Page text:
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Istana Negara





Istana Negara, the National Palace, is surrounded by a beautiful park, green lawns and ponds and is the official residence of His Majesty, the Yang Di-Pertuan Agong, the King of Malaysia. It stands on a 13-acre (60,000 m²) site, located at a commanding position on the slope of a hill of Bukit Petaling overlooking the Klang River.

You can watch the Palace from outside the main gate where the Royal Guards, dressed in white and red, Malay as well as British inspired uniforms, are guarding the main gate on horse and on foot.

The King



Malaysia consists of 9 Sultanates (Johor, Kedah, Kelantan, Negeri Pahang, Perak, Perlis, Selangor, Sembilan and Terengganu) and 4 non-monarchic states (Malacca, Penang, Sabah and Sarawak). The “Yang Di-Pertuan Agong” or Paramount Ruler is elected among the sultans every five years which means that there are 45 years until a sultan can be elected for the second time.

A symbolic role, the king embodies Malaysia's heritage as a collection of Muslim kingdoms and also serves as titular head of the armed forces and keeper of the official religion, Islam.

Its History



The Istana was originally a double storey mansion built in 1928 by a local Chinese immigrant millionaire, Chan Wing, who made his money in tin mines and other businesses. Chan Wing built the huge house to accommodate his large family, including his 26 wives, whom he brought to Kuala Lumpur from Hong Kong in the 1920s.

According to the book, From Poor Migrant to Millionaire Chan Wing 1873-1947, written by Chan King Nui, the eighth daughter of Chan Wing, the house (now Istana Negara) was the scene of big celebrations including Chinese New Year.

During World War II, the Chan family fled to India and only returned after the war. Often referred to as “the house on the hill”, Istana Negara was acquired by the British Army for the Royal Airforce (R.A.F.) after the war.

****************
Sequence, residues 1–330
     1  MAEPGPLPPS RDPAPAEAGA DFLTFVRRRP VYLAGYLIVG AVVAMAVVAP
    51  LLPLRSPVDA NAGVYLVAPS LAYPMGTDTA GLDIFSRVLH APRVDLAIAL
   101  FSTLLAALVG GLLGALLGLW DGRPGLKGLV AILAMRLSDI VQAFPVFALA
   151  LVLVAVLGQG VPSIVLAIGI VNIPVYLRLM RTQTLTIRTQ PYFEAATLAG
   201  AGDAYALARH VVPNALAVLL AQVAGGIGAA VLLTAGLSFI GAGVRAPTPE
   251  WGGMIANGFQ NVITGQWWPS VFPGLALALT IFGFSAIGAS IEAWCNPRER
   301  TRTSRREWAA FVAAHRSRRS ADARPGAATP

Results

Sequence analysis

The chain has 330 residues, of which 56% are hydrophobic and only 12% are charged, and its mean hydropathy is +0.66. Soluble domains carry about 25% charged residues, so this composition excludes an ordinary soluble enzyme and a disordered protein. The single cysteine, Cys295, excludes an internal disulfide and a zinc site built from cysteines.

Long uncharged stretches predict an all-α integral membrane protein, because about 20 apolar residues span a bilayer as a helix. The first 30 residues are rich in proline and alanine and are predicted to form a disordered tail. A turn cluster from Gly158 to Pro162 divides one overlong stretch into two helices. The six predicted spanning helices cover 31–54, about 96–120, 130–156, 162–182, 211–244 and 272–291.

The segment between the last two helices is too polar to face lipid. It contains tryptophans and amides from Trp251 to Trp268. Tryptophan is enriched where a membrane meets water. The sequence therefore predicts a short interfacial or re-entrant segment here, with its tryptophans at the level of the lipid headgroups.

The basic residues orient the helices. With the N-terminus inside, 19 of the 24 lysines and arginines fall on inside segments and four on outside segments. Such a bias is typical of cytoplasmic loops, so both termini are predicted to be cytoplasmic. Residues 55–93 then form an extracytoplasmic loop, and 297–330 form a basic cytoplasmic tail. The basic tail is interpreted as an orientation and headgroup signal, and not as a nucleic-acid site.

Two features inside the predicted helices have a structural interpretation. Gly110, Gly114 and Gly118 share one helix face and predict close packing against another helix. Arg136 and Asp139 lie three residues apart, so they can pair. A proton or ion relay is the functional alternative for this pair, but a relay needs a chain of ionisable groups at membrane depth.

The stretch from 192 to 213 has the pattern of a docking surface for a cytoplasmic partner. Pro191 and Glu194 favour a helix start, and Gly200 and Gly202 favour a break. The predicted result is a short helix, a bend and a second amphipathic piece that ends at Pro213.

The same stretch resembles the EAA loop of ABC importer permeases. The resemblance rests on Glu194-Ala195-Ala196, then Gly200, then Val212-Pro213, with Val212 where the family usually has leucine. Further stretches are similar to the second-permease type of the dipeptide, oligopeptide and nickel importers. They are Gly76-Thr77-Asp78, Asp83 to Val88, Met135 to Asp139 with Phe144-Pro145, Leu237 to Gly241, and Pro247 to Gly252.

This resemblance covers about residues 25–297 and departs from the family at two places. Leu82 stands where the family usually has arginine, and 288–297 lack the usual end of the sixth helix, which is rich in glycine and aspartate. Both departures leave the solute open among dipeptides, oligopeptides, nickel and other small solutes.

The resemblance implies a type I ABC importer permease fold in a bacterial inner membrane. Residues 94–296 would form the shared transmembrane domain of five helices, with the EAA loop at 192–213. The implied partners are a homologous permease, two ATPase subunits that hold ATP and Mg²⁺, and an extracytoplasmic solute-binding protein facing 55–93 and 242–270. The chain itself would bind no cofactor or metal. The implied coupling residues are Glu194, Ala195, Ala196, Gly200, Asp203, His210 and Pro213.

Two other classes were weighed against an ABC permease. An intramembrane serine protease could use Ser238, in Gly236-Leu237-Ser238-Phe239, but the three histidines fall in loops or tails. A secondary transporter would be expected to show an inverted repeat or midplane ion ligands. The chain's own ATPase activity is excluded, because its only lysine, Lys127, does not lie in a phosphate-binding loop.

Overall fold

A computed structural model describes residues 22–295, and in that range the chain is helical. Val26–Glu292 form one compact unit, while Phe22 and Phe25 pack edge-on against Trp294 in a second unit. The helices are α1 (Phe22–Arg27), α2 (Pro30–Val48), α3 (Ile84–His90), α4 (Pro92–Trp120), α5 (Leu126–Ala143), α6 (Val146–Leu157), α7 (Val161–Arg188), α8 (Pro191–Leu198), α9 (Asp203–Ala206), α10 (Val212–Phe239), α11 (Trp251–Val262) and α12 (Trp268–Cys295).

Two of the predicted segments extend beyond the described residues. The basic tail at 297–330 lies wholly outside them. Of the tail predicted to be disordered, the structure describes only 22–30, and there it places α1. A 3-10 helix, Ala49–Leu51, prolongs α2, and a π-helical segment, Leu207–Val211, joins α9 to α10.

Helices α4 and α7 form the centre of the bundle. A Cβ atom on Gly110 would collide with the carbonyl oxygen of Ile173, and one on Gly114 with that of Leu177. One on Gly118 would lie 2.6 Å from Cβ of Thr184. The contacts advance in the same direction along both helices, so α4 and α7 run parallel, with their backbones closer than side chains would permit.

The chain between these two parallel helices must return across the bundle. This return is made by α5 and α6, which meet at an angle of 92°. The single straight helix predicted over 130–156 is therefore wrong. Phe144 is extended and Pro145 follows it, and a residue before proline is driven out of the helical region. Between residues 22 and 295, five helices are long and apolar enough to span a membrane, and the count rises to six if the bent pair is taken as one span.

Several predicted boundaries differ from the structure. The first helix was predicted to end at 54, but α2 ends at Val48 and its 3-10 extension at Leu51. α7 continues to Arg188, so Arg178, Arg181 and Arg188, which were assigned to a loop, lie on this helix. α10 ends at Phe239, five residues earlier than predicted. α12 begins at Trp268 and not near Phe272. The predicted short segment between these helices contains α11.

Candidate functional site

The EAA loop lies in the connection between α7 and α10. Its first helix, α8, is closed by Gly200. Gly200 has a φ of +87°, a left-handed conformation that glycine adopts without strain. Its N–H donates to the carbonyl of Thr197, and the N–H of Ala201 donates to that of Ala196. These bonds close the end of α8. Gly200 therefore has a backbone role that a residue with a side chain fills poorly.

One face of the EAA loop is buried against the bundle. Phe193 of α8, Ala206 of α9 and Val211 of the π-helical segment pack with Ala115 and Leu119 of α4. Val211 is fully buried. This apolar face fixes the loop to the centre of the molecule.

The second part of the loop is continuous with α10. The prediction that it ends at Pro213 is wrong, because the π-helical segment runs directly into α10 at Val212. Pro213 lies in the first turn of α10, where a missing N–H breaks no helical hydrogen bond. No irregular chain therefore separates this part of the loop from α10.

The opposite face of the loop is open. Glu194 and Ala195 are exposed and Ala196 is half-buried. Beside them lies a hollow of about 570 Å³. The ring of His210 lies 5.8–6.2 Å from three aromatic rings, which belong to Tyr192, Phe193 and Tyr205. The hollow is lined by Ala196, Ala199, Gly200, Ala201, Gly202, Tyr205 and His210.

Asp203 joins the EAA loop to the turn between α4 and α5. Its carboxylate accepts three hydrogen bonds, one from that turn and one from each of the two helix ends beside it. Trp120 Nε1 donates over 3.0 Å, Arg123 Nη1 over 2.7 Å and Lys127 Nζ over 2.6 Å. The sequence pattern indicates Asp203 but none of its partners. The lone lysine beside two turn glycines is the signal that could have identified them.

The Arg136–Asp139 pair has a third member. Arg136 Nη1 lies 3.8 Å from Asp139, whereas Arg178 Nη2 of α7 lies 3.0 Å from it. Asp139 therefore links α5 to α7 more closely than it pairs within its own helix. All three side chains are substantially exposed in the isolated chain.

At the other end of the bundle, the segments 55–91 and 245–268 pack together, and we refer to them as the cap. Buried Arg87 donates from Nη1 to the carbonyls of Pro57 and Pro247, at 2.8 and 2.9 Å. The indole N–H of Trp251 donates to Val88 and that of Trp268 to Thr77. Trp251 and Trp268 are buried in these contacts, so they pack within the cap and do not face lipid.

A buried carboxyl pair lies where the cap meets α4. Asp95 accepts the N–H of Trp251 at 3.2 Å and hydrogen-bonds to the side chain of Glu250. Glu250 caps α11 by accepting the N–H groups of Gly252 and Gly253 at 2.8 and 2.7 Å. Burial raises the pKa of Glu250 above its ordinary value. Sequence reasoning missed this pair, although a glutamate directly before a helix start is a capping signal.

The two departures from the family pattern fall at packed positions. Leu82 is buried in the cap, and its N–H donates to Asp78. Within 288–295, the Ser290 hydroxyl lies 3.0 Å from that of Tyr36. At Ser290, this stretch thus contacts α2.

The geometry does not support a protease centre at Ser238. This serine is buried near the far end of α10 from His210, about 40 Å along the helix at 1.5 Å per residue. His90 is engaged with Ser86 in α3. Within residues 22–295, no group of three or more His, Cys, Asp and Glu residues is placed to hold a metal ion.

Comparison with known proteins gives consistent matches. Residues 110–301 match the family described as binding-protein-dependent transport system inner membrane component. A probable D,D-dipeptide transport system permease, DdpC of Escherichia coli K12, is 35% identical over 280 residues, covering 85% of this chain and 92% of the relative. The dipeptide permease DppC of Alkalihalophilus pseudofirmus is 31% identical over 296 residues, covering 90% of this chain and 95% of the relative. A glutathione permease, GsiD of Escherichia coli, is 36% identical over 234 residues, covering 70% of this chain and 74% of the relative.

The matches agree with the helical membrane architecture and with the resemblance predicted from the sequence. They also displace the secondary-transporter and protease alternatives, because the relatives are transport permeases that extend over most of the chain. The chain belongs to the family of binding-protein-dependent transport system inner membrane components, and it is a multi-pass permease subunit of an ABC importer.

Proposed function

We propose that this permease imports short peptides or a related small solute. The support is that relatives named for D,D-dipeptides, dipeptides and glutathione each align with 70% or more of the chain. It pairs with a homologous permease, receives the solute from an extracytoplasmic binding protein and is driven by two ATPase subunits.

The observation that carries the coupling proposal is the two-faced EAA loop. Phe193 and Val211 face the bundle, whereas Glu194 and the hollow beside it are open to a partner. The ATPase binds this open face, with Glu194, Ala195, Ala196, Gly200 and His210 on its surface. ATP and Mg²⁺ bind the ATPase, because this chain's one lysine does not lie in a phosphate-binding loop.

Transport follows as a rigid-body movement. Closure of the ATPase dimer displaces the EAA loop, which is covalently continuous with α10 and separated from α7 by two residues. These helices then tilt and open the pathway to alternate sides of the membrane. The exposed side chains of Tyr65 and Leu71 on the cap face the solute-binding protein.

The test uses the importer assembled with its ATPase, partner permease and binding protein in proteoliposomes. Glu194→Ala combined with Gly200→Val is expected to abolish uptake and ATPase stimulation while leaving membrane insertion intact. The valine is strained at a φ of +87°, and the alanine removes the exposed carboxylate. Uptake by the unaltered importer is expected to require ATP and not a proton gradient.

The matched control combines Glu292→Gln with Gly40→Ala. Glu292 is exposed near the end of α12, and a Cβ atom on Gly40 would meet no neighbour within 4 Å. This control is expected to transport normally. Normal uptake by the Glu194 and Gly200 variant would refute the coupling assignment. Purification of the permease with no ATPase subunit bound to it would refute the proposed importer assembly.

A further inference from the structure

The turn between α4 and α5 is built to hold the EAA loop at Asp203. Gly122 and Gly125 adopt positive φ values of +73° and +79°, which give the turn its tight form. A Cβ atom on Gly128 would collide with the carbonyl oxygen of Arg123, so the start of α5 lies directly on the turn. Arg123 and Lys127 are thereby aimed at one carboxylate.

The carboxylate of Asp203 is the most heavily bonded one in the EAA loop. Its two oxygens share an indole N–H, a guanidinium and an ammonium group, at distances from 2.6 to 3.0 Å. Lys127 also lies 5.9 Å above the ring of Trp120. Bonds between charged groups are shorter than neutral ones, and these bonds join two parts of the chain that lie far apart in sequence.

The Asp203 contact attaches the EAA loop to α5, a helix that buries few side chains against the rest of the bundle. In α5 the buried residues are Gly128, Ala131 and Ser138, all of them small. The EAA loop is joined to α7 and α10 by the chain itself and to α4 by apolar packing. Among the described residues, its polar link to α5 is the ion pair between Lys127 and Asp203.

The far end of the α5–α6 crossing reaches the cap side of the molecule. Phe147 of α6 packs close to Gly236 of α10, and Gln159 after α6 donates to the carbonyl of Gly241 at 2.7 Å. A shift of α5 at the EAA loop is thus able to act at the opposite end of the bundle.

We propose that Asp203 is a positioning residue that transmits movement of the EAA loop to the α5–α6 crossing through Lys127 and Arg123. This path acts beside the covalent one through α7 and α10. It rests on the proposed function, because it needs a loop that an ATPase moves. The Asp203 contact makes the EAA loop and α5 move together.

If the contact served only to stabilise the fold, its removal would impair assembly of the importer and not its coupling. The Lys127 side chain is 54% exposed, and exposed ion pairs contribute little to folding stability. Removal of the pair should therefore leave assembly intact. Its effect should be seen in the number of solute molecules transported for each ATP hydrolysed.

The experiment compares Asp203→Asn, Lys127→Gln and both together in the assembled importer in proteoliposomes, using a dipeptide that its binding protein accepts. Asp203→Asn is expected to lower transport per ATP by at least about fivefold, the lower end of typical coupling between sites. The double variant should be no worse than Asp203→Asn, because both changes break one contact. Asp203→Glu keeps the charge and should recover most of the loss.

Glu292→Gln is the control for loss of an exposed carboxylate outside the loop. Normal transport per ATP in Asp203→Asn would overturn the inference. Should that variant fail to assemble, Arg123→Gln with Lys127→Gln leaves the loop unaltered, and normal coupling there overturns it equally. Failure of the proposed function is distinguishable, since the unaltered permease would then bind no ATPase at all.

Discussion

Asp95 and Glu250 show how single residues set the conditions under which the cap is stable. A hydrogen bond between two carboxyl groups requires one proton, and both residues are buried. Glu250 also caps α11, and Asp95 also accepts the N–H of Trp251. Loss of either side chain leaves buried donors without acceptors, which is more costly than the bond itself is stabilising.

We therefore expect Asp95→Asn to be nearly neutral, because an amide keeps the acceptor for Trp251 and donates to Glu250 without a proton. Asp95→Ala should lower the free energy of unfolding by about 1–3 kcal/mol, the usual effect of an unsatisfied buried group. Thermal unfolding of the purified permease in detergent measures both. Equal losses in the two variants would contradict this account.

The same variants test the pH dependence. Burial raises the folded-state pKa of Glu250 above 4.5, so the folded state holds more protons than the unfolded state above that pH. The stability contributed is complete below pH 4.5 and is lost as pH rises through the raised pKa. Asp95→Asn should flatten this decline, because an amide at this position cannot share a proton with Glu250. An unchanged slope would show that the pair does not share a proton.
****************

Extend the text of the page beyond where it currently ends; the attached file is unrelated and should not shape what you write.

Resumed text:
Later, the house was bought by the Selangor Government for the use of the Sultan before it was acquired by the Federal Government in 1954. Extensive renovations were then undertaken on the property.

After the Japanese occupation, it served as a residence of the Sultan of Selangor until 1957. After Independence, Federal Government acquired it for use as the official residence of the King after some major renovation and extension. The house became the official residence of Malaysia’s first King and all the royal regalia are kept at the house.

The Palace



The driveway, lined with cypresses and casuarinas, leads to two entrances - an entrance to the West Wing and the other to the East Wing. Balairong Seri is the throne room of the Yang Di-Pertuan Agong. It is located in the East Wing and only used for official and customary functions. These include ceremonial occasions of taking the royal pledge, installation ceremony of a new elected King and the appointment of a new prime minister and the federal government which included investiture ceremonies and the taking of oaths by the government ministers and state governors. This is also where the presentation and acceptance of foreign diplomatic appointments are held. It sometimes serves as a banquet hall.

The second hall on the first floor is the Dewan Mengadap where the King receives honoured guests such as Head of States and foreign dignitaries. This hall doubles as a resting place of Sultans and Governors during the Conference of Rulers. The other rooms are Bilik Duta, Bilik Permaisuri and Bilik Menteri. Bilik Duta is where the King grants audience to the Prime Minister and also where honoured guests are received. The Queen receives her guests at the Bilik Permaisuri while the Bilik Menteri is the rest room for guests.

The Conference of Rulers is held at the Bilik Mesyuarat Raja-Raja situated in the West Wing.

In the grounds of the palace is a guard house for the royal guards. There is also a six-hole golf course, tennis courts, swimming pool and a lake in the far end of the grounds.